The first known Hindus in the Augusta area arrived in the 1960s, and were predominantly physicians and Ph.D.s and their families, who arrived to take faculty positions at the expanding Medical College of Georgia. By the late 1970s, a group of families had come together to form a local temple. The Hindu Temple Society was officially established in 1979.
The first temple building was a former storage area for a construction company. In the early days, the community carried out as many rituals as they could without a priest, and the results were sometimes a bit disorganized, according to members. “We read from books, we got people who knew a little bit about it to lead things. Some of us from the priestly class tried to share what our forefathers knew,” one member recalls.
In the 1980s, however, the Hindu population grew by leaps and bounds. After the 1987 opening of Plant Vogtle (a nearby nuclear power facility) and new opportunities at Savannah River Site, a nuclear weapons management plant, large numbers of engineers and their families relocated to Augusta, including many Hindus. Additions were built to the original temple to accommodate this increase in numbers.
By the 1990s, some members of the HTS executive committee perceived the need for a new temple building, although the decision to build one was fraught with questions. “It was cost-prohibitive,” one member involved in the decision-making recalls, “so we asked ourselves, ‘Do we really need this temple? Or are we just trying to satisfy our egos?’”
The consensus was that a new temple was necessary, and fundraising efforts led to its successful construction in 1996. The new temple building faces the east, although it “is not built according to traditional temple specifications,” says a member, and was designed with practical ends in mind: as a place to conduct weddings, cultural programs, and large events. The smaller old temple building, which still remains on the temple grounds, is now rented out and used for more intimate functions.
Since the first priest was hired at the temple twenty years ago, the ritual aspects of the temple have become more organized, members say. There is only one priest in residence at the temple now, although other priests may travel from Atlanta or Columbia, South Carolina to assist at poojas.

Description of the Center

The Hindu Temple is located east of the city of Augusta. The road it is situated on is small and wooded, lined with modest manufactured homes and unpaved driveways. A cardboard sign indicating “Hindu Temple” marks the turn for visitors. The HTS itself is a sizeable campus with large parking lots, two smaller buildings near to the street – the priest’s house and the old temple – and the prominent main temple, lined with magnolia trees, sitting further off the road.
A visitor to the temple building is greeted first with a lobby, with access to a shoe and coat room for removing one’s shoes and preparing oneself for respectful worship. The lobby also offers access to restrooms, drinking fountains, and a large kitchen, which also opens into the main hall.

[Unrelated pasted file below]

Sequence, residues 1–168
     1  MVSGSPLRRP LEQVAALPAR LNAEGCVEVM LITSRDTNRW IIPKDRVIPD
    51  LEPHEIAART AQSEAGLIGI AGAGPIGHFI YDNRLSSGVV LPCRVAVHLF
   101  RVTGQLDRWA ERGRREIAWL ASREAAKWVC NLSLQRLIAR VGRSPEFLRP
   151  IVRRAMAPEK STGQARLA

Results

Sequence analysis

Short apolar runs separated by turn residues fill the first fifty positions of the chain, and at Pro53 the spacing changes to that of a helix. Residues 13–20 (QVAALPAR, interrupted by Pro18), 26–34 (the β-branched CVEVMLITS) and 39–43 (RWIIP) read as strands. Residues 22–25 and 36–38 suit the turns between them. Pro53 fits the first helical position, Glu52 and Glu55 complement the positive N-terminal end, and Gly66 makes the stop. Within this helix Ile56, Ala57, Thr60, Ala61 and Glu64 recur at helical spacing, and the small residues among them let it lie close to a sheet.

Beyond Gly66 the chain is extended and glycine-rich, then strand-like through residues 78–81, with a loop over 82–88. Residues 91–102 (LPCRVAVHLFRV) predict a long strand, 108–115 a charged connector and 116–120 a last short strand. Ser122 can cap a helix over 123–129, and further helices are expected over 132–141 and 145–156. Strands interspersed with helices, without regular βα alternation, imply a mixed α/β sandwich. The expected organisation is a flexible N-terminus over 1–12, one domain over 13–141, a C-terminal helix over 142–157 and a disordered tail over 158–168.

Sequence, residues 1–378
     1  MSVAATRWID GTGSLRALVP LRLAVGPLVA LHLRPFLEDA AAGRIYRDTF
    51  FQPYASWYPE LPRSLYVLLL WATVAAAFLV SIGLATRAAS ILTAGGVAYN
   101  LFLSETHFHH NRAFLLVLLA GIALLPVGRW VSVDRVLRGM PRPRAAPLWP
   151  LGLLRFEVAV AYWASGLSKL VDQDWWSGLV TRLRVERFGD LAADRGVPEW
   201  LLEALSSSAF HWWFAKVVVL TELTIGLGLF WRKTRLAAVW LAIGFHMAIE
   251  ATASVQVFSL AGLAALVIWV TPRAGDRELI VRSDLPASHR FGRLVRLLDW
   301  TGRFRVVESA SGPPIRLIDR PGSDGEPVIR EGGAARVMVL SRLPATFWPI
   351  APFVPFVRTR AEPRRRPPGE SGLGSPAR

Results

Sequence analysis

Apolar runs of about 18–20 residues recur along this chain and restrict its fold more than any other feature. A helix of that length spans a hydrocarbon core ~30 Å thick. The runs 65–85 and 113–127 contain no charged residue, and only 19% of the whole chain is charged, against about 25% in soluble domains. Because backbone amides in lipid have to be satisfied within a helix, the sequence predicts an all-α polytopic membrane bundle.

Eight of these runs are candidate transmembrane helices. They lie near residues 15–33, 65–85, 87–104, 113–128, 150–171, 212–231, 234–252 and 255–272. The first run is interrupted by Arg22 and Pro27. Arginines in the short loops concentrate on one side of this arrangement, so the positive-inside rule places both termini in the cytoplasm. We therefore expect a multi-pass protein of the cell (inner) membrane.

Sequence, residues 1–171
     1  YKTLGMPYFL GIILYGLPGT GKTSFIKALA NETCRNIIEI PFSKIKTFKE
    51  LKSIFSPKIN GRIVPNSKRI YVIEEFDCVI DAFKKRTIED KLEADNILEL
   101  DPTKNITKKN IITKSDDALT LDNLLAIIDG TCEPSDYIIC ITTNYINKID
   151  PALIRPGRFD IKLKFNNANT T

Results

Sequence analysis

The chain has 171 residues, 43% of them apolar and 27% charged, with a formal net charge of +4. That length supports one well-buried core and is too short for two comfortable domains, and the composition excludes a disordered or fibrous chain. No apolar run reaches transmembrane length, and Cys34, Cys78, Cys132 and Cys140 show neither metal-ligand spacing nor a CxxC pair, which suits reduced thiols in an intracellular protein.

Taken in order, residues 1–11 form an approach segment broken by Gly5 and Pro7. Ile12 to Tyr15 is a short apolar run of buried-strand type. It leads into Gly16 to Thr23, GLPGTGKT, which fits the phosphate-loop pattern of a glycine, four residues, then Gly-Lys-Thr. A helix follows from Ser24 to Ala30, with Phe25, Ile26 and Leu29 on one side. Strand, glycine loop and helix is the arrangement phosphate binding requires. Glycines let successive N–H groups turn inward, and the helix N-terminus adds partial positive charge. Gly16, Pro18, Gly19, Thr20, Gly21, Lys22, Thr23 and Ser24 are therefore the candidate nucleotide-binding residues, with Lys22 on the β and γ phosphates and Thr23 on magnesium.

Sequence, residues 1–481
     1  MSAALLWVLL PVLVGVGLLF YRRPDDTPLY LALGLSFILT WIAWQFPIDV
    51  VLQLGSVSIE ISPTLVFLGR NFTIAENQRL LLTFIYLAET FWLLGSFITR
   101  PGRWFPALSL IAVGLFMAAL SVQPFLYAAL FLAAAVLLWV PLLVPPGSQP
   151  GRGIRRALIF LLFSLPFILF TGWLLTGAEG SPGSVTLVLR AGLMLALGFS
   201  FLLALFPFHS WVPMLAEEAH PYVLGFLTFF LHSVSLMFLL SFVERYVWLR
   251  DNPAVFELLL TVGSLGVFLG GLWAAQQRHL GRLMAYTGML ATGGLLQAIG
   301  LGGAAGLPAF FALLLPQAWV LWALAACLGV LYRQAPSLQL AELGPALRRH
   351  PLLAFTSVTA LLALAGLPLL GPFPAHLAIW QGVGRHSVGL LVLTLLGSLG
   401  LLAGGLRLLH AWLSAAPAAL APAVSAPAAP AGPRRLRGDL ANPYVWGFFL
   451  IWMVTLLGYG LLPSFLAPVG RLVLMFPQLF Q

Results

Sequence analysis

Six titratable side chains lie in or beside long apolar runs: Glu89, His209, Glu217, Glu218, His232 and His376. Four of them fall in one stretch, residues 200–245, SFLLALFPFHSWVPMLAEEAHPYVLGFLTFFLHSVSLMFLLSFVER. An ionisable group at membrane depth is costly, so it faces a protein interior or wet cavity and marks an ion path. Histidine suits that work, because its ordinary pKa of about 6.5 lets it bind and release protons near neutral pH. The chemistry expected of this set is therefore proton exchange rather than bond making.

The main hall is an enormous, square carpeted room, adorned with lines from the Gita in both English and Sanskrit. There is a wide stage with lights for cultural performances along one wall, access to the kitchen along another, and a line of seating for the elderly along a third. The focus of the room, however, is the wall lined small tiled tiers topped with images of various deities. These images are both created in black, in the South Indian fashion, and in white, in the North Indian fashion, which is one way in which the HTS seeks to draw upon different cultural traditions within the congregation.


A current discussion at the HTS is how to separate out the temple’s religious and ritual functions from its social and cultural functions, according to members. In the temple’s early, smaller years the two functions were intertwined by necessity. As the HTS has grown more established, however, there has been a greater push not to blur the two, and how best to determine what activities fall under which category.
Other challenges have to do with the surrounding culture. As is the case in many American religious congregations, one primary goal of the HTS is to transmit information about religious traditions to the next generation. One female member explains: “Back in India, you grow up in the culture, so you don’t need to worry as much about it. Here, if we don’t take the extra effort to do rituals at home, to send [the children] to Sunday school, we’ll be lost.”
She explains that this is particularly important because her children’s Christian classmates are often very certain about the specifics of their own religious traditions. Accordingly, her children had to be prepared to answer questions and challenges. Some children at school began crying one day when they found out her daughter did not believe in Jesus, proclaiming their worry that the Hindu girl would go to hell. “My daughter knew there was no point in explaining – that even though they were nice enough people, they wouldn’t understand,” she says. “But she could handle this only because she knew enough about her own religion. Not everyone can.”